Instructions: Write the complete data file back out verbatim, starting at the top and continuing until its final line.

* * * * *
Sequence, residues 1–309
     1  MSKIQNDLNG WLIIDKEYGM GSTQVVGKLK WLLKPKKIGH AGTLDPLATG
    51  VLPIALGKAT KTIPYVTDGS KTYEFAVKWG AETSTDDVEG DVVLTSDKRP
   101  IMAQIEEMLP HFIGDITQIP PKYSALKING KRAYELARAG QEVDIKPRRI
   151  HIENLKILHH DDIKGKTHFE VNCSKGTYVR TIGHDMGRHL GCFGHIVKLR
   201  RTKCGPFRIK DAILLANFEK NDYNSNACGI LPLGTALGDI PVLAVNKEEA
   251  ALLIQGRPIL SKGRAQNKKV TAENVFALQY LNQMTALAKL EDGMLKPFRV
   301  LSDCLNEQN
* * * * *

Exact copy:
Sequence, residues 1–309
     1  MSKIQNDLNG WLIIDKEYGM GSTQVVGKLK WLLKPKKIGH AGTLDPLATG
    51  VLPIALGKAT KTIPYVTDGS KTYEFAVKWG AETSTDDVEG DVVLTSDKRP
   101  IMAQIEEMLP HFIGDITQIP PKYSALKING KRAYELARAG QEVDIKPRRI
   151  HIENLKILHH DDIKGKTHFE VNCSKGTYVR TIGHDMGRHL GCFGHIVKLR
   201  RTKCGPFRIK DAILLANFEK NDYNSNACGI LPLGTALGDI PVLAVNKEEA
   251  ALLIQGRPIL SKGRAQNKKV TAENVFALQY LNQMTALAKL EDGMLKPFRV
   301  LSDCLNEQN